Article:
-- Paul Arizin, Philadelphia Warriors

"He obviously was the first of the real high-profile players. He literally carried the league. He gave us recognition and acceptance when we were at the bottom of the totem pole in professional sports. He transcended the game. People came to see him as much as they came to see the game."
-- Bob Cousy ABC News, June 2, 2005

"It was certainly fair to say he was the Michael Jordan of his time, but I take it another step. He was Michael Jordan, Magic Johnson and Larry Bird, all rolled into one in our time.

Everywhere we went, George was immediately recognized not just because he's tall but because he was immaculately dressed and he had the glasses on and he had a big smile on his face. He was inundated, absolutely inundated."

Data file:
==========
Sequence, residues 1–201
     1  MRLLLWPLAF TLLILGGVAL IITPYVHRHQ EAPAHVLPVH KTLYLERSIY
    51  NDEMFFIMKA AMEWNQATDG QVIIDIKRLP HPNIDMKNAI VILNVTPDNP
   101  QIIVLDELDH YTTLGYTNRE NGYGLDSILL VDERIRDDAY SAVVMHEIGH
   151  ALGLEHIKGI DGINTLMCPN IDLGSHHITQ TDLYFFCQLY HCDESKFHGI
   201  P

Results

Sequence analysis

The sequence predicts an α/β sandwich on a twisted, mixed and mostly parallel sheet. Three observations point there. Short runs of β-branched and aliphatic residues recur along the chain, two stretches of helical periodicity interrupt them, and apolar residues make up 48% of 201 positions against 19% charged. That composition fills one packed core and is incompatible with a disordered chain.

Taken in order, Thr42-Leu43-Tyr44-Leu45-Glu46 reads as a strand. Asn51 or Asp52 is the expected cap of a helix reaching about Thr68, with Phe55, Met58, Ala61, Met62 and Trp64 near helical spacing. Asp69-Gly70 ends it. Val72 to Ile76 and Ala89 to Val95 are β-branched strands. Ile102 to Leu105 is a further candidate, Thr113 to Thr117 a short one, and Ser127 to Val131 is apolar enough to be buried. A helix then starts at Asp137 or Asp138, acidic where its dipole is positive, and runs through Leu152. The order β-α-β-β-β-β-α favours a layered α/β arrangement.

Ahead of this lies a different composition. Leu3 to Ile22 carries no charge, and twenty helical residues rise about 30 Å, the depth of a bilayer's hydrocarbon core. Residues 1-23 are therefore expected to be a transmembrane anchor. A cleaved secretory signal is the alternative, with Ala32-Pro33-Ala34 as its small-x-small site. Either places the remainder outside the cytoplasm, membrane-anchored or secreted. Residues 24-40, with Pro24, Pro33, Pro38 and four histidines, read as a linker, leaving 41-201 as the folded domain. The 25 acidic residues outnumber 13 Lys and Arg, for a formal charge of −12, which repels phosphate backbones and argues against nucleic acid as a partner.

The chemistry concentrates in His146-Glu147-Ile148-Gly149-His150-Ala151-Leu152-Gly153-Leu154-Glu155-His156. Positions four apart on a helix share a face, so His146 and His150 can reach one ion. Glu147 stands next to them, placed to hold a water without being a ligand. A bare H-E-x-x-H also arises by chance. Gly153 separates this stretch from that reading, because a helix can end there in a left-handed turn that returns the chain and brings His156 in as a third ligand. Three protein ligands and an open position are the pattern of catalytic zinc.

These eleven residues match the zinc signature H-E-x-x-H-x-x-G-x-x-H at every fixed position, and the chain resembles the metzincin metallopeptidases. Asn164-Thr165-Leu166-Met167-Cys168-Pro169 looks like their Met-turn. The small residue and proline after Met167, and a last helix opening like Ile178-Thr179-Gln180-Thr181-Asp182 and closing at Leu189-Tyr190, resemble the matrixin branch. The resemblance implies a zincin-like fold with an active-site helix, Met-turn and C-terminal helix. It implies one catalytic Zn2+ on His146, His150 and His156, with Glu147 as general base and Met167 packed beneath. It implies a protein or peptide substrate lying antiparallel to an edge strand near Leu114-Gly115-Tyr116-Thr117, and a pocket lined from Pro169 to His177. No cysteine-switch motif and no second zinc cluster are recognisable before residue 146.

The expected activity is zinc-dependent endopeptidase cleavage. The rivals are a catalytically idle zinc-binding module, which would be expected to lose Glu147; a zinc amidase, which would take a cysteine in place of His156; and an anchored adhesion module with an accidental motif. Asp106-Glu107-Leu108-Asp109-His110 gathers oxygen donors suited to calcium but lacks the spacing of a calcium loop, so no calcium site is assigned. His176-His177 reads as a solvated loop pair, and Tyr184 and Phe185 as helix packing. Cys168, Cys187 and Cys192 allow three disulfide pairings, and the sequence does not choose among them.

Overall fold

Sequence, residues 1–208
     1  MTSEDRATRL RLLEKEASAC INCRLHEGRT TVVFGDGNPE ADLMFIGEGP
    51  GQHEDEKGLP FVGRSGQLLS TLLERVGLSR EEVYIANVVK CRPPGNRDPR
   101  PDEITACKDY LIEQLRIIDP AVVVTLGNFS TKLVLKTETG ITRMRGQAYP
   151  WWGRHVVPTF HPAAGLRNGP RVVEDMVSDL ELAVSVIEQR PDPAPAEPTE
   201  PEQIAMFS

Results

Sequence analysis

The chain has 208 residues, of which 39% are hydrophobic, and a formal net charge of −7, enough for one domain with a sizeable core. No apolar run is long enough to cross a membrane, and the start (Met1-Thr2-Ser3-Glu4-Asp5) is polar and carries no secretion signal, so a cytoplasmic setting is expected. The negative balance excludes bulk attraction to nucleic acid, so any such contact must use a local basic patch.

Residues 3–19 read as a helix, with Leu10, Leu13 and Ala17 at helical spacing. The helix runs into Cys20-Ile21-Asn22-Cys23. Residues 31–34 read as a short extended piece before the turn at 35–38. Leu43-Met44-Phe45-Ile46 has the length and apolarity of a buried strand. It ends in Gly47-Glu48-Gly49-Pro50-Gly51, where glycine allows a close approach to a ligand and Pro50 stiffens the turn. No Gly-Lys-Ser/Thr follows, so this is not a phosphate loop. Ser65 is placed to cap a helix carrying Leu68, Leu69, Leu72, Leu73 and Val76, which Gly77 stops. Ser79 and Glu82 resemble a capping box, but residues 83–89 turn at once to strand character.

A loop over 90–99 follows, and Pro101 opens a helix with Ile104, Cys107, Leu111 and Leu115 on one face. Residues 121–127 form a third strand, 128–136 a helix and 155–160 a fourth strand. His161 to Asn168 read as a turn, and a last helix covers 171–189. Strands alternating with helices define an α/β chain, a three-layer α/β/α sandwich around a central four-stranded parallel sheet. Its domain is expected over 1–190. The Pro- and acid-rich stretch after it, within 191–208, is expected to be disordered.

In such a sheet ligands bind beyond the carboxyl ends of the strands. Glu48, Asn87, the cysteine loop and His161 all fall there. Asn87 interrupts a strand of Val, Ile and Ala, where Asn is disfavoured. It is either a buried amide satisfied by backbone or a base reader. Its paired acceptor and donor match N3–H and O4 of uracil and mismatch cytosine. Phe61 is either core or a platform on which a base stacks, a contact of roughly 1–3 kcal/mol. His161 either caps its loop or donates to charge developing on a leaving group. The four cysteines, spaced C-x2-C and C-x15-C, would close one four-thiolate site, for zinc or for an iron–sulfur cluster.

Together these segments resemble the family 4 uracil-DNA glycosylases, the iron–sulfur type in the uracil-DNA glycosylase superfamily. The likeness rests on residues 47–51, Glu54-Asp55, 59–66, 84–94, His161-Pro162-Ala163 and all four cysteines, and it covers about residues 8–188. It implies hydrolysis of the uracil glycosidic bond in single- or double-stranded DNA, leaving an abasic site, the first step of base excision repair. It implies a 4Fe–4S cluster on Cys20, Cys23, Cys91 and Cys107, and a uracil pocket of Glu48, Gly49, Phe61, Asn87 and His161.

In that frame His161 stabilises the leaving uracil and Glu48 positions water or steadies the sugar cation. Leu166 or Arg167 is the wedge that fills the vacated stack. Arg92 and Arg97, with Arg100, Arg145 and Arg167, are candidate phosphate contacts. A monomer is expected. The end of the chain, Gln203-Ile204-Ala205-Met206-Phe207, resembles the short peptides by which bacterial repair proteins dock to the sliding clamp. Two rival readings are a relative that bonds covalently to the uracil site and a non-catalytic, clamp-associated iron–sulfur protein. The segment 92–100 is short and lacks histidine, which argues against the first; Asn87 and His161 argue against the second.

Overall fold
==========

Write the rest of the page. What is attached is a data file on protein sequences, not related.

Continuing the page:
-- Vern Mikkelsen, Hall of Famer ABC News, June 2, 2005

Russell to Mikan: "You were my hero. I studied everything you did."
-- Bill Russell, Hall of Famer New York Times, June 2, 2005

"He showed a big man was not just a freak, not just some big guy who could hardly walk and chew gum at the same time."
-- Wilt Chamberlain, Hall of Famer New York Times, June 2, 2005

"I know a lot of baseball players today don't know who Jackie Robinson is. And a lot of basketball players don't know the pioneers of the game, either. I never took it for granted. And that's why I want to pay homage to a man like Mr. Mikan, who made it possible for me to make a living playing basketball."
-- Walt "Clyde" Frazier, Hall of Famer Minnesota Star-Tribune, June 2, 2005

"George Mikan was the greatest competitor I ever coached. He got better every time he played and I was a great coach when he was on the floor."
-- Ray Meyer, Former DePaul Coach Reuters Canada, June 2, 2005